Saturday, March 15, 2008

The Group Insurance Myth Exposed

The myth of the price efficiency of group health insurance persists despite overwhelming evidence to the contrary. Another major news agency published an article that said purchasing health insurance “in bulk”, through employers or small business associations, would certainly save us money. Past presidential candidates have even cited the potential savings of group health insurance pools in their campaign platforms to control health care costs. The Bush administration previously supported this approach during the past presidential election but backed off after they learned that the market facts do not support this conclusion. Some organizations continue to push for group insurance pools for political reasons without supportive economic data. The Des Moines Register reported this week at that some politicians contnue to support an program that allows small businesses to purchase group health insurance through larger associations despite more than a year of evidence tht few employers see value in such an approach. Making more of this inefficient type of health isnurance available is simply not the answer.

The Kaiser Foundation, a leading source or research data on health insurance plans, reports that employers spend an average of $380 per month for single employee coverage and more than $1000 per month for family coverage.

How many individuals who purchase their own health insurance pay more than $1000 per month for family coverage? If you buy your own health insurance, how much doe your coverage cost in comparison to the published cost of group health coverage? Very few people - probably less than 5%, according to several health insurance industry sources – pay more than the amounts published by Kaiser for their individual health insurance. In fact, the average price of health insurance purchased by self-employed people and other individual customers is less than half of the cost of the insurance cited by employers.

How to individual buyers achieve such great savings that large employers cannot accomplish? A close look at fundamental economics provides the answer.

First, individual insurance is not subject to “mandated benefits” included in group health insurance. This means that individual buyers can customize the insurance for their specific needs. A 50 year old couple, for example might be able to trim $200 per month from their health insurance premium because they no longer need to purchase coverage to cover maternity expenses. On the flip side, a younger person may find insurance that is age-rated to reflect the lower medical risks of their age group. By customizing the coverage to their specific needs, individual buyers achieve lower pricing than is available to group insurance buyers. Mandated benefits that may be important to include in coverage for “the masses” may not apply to individual buyers.

Second, individuals have proven to be more resourceful shoppers. Web sites like specialize in low cost health insurance. One of the primary methods is to simply purchase insurance that expires after a period of time – usually 6 to 36 months. This short term medical insurance is priced at 25% to 40% less than equivalent coverage that has longer renewability provisions. Individual buyers know that they will re-shop health insurance every year and that there is a high probability that long term guarantees are not needed because they change insurance plans more frequently.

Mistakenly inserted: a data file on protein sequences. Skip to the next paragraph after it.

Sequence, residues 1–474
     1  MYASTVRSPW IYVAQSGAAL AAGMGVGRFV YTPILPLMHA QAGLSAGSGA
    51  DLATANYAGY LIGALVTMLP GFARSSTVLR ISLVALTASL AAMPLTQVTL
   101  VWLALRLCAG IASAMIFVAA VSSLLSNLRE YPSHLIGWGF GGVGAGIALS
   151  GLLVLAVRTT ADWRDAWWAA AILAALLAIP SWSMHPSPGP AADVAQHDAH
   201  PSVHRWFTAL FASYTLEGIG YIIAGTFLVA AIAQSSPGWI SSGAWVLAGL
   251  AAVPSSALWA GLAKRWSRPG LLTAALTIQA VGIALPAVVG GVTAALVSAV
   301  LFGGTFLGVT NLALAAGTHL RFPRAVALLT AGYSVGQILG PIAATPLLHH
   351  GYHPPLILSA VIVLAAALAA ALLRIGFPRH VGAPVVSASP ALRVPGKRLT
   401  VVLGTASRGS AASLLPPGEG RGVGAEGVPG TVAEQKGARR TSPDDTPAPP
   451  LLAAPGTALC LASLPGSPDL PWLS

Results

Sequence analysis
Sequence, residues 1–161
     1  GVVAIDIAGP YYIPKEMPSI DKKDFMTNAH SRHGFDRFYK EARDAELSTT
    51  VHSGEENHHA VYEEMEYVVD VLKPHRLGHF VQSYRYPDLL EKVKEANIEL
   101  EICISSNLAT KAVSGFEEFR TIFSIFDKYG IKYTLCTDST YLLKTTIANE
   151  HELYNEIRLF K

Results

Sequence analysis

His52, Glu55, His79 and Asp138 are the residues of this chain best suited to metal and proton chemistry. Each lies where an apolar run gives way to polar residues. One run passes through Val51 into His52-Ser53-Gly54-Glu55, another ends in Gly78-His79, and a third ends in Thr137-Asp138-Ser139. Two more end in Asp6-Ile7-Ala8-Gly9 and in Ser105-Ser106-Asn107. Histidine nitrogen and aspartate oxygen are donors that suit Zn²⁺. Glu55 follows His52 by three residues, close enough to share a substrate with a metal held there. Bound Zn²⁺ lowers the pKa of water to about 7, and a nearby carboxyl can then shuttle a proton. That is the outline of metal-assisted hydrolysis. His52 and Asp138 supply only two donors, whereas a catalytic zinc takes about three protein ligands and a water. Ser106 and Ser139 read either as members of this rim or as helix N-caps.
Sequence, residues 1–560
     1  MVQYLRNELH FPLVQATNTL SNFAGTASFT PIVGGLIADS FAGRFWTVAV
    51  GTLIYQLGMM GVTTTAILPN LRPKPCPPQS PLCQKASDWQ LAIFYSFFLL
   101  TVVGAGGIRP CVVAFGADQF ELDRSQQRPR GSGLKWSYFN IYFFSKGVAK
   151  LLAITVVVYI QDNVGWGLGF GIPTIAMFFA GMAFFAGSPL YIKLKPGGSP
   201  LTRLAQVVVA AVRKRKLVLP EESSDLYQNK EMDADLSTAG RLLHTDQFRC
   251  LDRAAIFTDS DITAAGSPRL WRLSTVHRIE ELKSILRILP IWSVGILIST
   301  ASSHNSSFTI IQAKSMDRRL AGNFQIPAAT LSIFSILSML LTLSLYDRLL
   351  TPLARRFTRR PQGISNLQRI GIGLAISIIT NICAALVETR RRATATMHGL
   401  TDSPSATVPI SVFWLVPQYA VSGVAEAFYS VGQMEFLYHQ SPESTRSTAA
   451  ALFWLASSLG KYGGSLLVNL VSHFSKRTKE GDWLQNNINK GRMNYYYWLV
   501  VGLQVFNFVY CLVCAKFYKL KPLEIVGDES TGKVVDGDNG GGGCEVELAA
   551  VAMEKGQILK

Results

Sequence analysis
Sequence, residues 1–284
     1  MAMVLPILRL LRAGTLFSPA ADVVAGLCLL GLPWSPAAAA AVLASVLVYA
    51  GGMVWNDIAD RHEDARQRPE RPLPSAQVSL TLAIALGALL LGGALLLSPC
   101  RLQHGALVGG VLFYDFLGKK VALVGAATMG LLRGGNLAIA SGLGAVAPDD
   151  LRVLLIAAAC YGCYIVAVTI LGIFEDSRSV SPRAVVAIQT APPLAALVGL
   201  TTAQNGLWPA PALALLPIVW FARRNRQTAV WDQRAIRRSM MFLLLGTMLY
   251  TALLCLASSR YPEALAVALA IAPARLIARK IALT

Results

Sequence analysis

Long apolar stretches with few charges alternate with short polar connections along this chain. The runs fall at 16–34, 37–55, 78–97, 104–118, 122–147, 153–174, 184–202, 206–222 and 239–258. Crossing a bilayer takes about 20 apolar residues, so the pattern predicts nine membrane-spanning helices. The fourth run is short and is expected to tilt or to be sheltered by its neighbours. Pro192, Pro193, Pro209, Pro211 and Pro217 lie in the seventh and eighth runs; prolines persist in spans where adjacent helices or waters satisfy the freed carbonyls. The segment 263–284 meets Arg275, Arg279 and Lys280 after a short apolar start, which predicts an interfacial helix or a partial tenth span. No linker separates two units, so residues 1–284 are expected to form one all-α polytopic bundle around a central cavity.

Third, there is a wider range of coverage amounts and premium pricing available to individuals. In the past, all health insurance policies provided about the same amounts of maximum potential benefits. Now with the expansion of limited benefit health insurance policies, maximum coverage is available, for example in amounts from $50,000 to $5,000,000. Other policies offer the option of limiting the amount of specific coverage. For example, some low cost policies provide a benefit of $75 for a doctor’s office visit or $1000 per day for hospital coverage. This may not cover the entire amount of the medical cost, but it certainly makes the insurance much more affordable. The trade off means that more low priced insurance options are available to the individual buyers can select a plan that fits their budget.

Fourth, the individual health insurance markets have largely embraced the Internet to make pricing immediately available to everyone. Group health insurance, in contrast, is still priced by manual efforts of human underwriters. It is very difficult or sometimes impossible to compare pricing data across a large number of insurance carriers. The pricing of group health insurance – and therefore the market itself - is simply less efficient than the individual insurance market.

Finally, group insurance is required to cover everyone, regardless of health problem. Individual health insurance is designed for specific risk classes. Most people qualify for preferred risk classes. Those with serious ongoing medical problems are typically routed to state high risk pools where the costs are subsidized with public finds. These high risk plans emphasize managed care approach for known medical conditions rather than insurance for unknown medical costs. Again, the net result is that the overall price is lower for the majority of buyers and the only risk of the few who face higher risks are spread among a larger market.

The net result is that individuals have proved to be more efficient shoppers of their own health insurance than their employers and their state legislators. The basic economic principle that market efficiency increases as market restrictions decrease proves to be valid once again. Most individuals can purchase high quality health insurance for about $200 per month and family coverage is still available for under $500 per month.

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